1. ^ ''Gravity Daze (GRAVITY DAZE/重力的眩暈:上層への帰還において彼女の内宇宙に生じた摂動 Guraviti Deizu/Jūryoku-teki Memai: Jōsō e no Kikan ni Oite, Kanojo no Nai-Uchū ni Shōjita Setsudō?, lit. "Gravity Daze/Gravitational Dizziness: The Perturbation of Her Inner Space Caused by the Repatriation of the Upper Stratum"[5])
  2. ^ Gravité is the French word for gravity
  1. ^ a b "Gravity Daze Official PlayStation JP Game Page". Sony Computer Entertainment Japan. Retrieved January 9, 2016. 
  2. ^ "Gravity Rush Official PlayStation UK Website". Sony Computer Entertainment Europe. Retrieved January 31, 2012. 
  3. ^ a b
  5. ^
  6. ^ Keogh, Siobhan (May 25, 2012). "Review: Gravity Rush". PCWorld. New Zealand. Retrieved May 30, 2012. 
  7. ^ Toyad, Jonathan. "E3 2011: Gravity Daze Hands-On Preview". Retrieved July 2, 2011. 
  8. ^ a b c d "Interview: Gravity Rush's Keiichiro Toyama". 
  9. ^ "【電撃PlayStation】重力的SCEツアーをレポート! 期待のA・AVG『GRAVITY DAZE』の制作風景を探る!! 読者プレゼントも要チェック!". Dengeki Online. 
  10. ^ "Gravité (Gravity Daze) [PS3 - Prototype]". 
  11. ^ "Gravity Rush/Daze 2008 Concept Movie". 
  12. ^ a b c "Keiichiro Toyama on his innovative third-person action game". Future Publishing Limited. 
  13. ^ a b "The Surprising Origins of Gravity Rush for PS Vita". Sony Computer Entertainment America. 
  14. ^ a b c "Gravity Rush Was Ten Years In The Making". 
  15. ^ "Gravity Rush Floats to PS Vita on June 12 Official PlayStation US Website". Sony Computer Entertainment America. Retrieved February 29, 2012. 
  16. ^ Maschke, Rebecca. "Gravity Rush Coming To PS Vita As Both Download And Game Card On 13th June". Official EU PlayStation Blog. Retrieved February 29, 2012. 
  17. ^ "Gravity Rush for PlayStation Vita". Metacritic. Archived from the original on January 5, 2017. Retrieved June 13, 2012. 
  18. ^ "Gravity Rush Remastered for PlayStation 4". Metacritic. Archived from the original on May 10, 2016. Retrieved January 20, 2017. 
  19. ^ a b c Jim, Sterling (May 24, 2012). "Review: Gravity Rush". Destructoid. Archived from the original on August 27, 2016. Retrieved May 24, 2012. 
  20. ^ a b Tolentino, Josh (January 15, 2016). "Review: Gravity Rush Remastered". Destructoid. Archived from the original on August 15, 2016. Retrieved January 20, 2017. 
  21. ^ a b c d e "Gravity Rush review: Exactly the kind of original game that a fresh-faced system such as Vita needs". Edge. June 11, 2012. Archived from the original on August 7, 2012. Retrieved June 13, 2012.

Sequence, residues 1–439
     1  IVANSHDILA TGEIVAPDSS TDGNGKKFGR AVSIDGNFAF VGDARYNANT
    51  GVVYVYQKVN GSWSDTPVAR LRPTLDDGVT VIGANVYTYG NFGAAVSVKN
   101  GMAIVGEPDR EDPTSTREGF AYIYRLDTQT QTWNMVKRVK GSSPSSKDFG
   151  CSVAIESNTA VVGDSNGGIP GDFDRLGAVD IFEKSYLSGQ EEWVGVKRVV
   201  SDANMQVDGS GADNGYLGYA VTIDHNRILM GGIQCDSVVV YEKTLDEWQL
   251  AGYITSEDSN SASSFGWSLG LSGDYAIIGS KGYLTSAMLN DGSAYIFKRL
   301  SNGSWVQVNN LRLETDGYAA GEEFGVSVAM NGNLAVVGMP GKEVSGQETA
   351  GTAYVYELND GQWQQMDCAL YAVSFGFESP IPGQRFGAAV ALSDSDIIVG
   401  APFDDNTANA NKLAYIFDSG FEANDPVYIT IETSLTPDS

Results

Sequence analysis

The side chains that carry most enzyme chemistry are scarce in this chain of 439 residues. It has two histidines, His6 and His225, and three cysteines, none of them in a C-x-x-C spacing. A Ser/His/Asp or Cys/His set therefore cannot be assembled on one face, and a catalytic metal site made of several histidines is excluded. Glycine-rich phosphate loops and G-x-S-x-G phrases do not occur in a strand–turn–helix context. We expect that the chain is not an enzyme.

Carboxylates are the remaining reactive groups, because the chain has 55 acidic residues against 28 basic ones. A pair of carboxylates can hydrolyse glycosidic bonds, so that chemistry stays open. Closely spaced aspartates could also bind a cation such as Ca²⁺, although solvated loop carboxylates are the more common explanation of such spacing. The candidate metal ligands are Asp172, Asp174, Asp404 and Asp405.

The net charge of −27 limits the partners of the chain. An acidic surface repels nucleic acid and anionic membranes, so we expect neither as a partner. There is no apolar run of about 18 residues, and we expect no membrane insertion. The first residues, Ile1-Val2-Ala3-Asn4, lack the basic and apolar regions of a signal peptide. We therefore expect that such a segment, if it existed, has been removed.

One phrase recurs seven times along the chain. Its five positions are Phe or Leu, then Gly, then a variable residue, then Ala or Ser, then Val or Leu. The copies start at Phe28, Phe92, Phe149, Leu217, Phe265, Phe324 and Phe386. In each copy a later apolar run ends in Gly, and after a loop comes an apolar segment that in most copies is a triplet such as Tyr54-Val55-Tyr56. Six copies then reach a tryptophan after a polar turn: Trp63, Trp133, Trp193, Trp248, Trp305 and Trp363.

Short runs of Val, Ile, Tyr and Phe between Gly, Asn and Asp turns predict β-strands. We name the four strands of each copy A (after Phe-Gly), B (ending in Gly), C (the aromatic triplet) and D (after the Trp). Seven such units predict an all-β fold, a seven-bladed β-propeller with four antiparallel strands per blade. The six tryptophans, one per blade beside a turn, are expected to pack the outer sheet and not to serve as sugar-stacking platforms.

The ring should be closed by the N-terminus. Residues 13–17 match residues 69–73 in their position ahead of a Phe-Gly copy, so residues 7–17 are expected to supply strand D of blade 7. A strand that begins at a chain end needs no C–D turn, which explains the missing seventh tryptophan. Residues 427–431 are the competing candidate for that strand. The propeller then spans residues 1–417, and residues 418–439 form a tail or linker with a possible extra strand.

22. ^ a b c d Patterson, Mollie L (May 24, 2012). "Gravity Rush review". Electronic Gaming Monthly. Archived from the original on May 16, 2016. Retrieved January 20, 2017. 
  23. ^ a b Patterson, Mollie L (January 26, 2016). "Gravity Rush Remastered review". Electronic Gaming Monthly. Archived from the original on May 1, 2016. Retrieved January 20, 2017. 
  24. ^ a b c d Donlan, Christian (February 20, 2012). "Gravity Daze Review". Eurogamer. Archived from the original on March 10, 2016. Retrieved May 25, 2012. 
  25. ^ a b c d GRAVITY DAZE/重力的眩暈:上層への帰還において、彼女の内宇宙に生じた摂動 (Vita). Famitsu. Archived from the original on May 9, 2016. Retrieved January 20, 2017. 
  26. ^ a b c d Rykert, Dan (May 24, 2012). "Gravity Rush - Down Becomes Up In Sony Japan's Solid Vita Debut". Game Informer. Archived from the original on November 22, 2012. Retrieved September 3, 2016. 
  27. ^ a b c d Petit, Carolyn (June 13, 2012). "Gravity Rush Review". GameSpot. Archived from the original on September 10, 2013. Retrieved January 20, 2017. 
  28. ^ a b Brown, Peter (January 26, 2016). "Gravity Rush Remastered Review". GameSpot. Archived from the original on May 1, 2016. Retrieved January 20, 2017. 
  29. ^ a b c d Sullivan, Lucas (May 24, 2012). "Gravity Rush Review". GamesRadar. Archived from the original on October 3, 2015. Retrieved January 20, 2017. 
  30. ^ a b Towell, Justin (January 27, 2016). "Gravity Rush Remastered Review". GamesRadar. Archived from the original on January 7, 2017. Retrieved January 20, 2017. 
  31. ^ a b c d Miller, Greg (May 24, 2012). "Gravity Rush Review". IGN. Archived from the original on August 13, 2016. Retrieved January 20, 2017. 
  32. ^ a b Sliva, Marty (January 29, 2016). Gravity Rush Remastered Review (Video). IGN via YouTube. Retrieved January 20, 2017. 
  33. ^ a b c d Blain, Louise (May 24, 2012). "Grtavity Rush PS Vita Review". Official PlayStation Magazine. Archived from the original on August 28, 2014. Retrieved May 24, 2012. 
  34. ^ Welsh, Oli (February 5, 2016). "Gravity Rush Remastered Review". Eurogamer. Archived from the original on 30 April 2016. Retrieved January 20, 2017. 
  35. ^ Toyama, Keiichiro (October 5, 2016). "Gravity Rush 2 Update". PlayStation Blog. Retrieved October 5, 2016. 
  36. ^ "PlayStation Home Item Database". Retrieved November 19, 2012. 
  37. ^ "Kat From Gravity Rush Has Cameo In Hot Shots Golf". August 28, 2012. Retrieved November 19, 2012. 
  38. ^ "Sack it to Me: Gravity Rush Comes to LittleBigPlanet". November 19, 2012. Retrieved November 19, 2012. 
  39. ^ "First PlayStation All-Stars DLC: Kat and Emmett Join the Battle Royale (For Free!)". November 15, 2012. Retrieved November 19, 2012. 
  40. ^ "Japan's Top Creators Discuss the Future of Games". July 24, 2012. Retrieved November 19, 2012. 
  41. ^ "Gravity Rush director alludes to sequel". September 21, 2012. Retrieved November 19, 2012. 
  42. ^ TGS: GRAVITY RUSH SEQUEL INCOMING? — Is Sony teasing a sequel to its gravity-bending Vita game?
  43. ^ Dayus, Oscar (September 15, 2015). "Gravity Rush 2 announced for PS4". Retrieved September 15, 2015. 

External links[edit]